As illustrated in FIG. 11, a high-graded (0.009/micrometer) wafer was processed with surface contacts on one-half of the wafer and recessed contacts on the other half. Data was taken under the same conditions as for FIG. 10. The blackbody responsivity of the devices with recessed contacts was approximately 1.5 times higher than that of the devices with surface contacts.
While several illustrative embodiments of the invention have been shown and described, numerous variations and alternate embodiments will occur to those skilled in the art, without departing from the spirit and scope of the invention. Accordingly, it is intended that the present invention not be limited solely to the specifically described illustrative embodiments. Various modifications are contemplated and can be made without departing from the spirit and scope of the invention as defined by the appended claims.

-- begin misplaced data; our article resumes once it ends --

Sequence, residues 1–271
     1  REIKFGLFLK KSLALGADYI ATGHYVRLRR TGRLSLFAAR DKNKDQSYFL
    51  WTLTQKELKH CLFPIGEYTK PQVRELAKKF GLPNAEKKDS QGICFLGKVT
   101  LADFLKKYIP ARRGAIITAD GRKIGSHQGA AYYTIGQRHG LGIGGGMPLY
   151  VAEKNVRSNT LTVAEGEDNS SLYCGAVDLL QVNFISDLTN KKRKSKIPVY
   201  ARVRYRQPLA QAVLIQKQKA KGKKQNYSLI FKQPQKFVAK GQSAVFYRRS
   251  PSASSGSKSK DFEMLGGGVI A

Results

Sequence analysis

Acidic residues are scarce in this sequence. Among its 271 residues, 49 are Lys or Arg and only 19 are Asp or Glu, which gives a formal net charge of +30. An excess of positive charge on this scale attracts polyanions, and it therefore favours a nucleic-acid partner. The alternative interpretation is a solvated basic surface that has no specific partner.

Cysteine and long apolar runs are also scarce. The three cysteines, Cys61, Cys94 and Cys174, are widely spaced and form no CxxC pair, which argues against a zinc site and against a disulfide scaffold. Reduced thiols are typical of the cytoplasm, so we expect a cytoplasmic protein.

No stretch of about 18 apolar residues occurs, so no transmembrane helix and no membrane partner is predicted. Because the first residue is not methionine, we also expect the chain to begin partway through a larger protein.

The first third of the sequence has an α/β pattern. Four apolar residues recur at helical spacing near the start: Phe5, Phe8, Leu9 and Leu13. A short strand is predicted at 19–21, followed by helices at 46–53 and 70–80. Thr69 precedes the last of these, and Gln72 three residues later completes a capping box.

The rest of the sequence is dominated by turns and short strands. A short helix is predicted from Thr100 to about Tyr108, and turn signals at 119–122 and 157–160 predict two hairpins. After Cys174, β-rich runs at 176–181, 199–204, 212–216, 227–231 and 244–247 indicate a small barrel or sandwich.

1. A photoresponsive device comprising:
- a substrate; and
- a first photoresponsive layer formed on said substrate, said first photoresponsive layer having first and second opposing surfaces with said first surface further from said substrate than said second surface and having a bandgap which increases from said first surface toward the substrate and urges minority carriers which are photogenerated in said photoresponsive layer toward said first surface, said first photoresponsive layer having a first conductivity type; and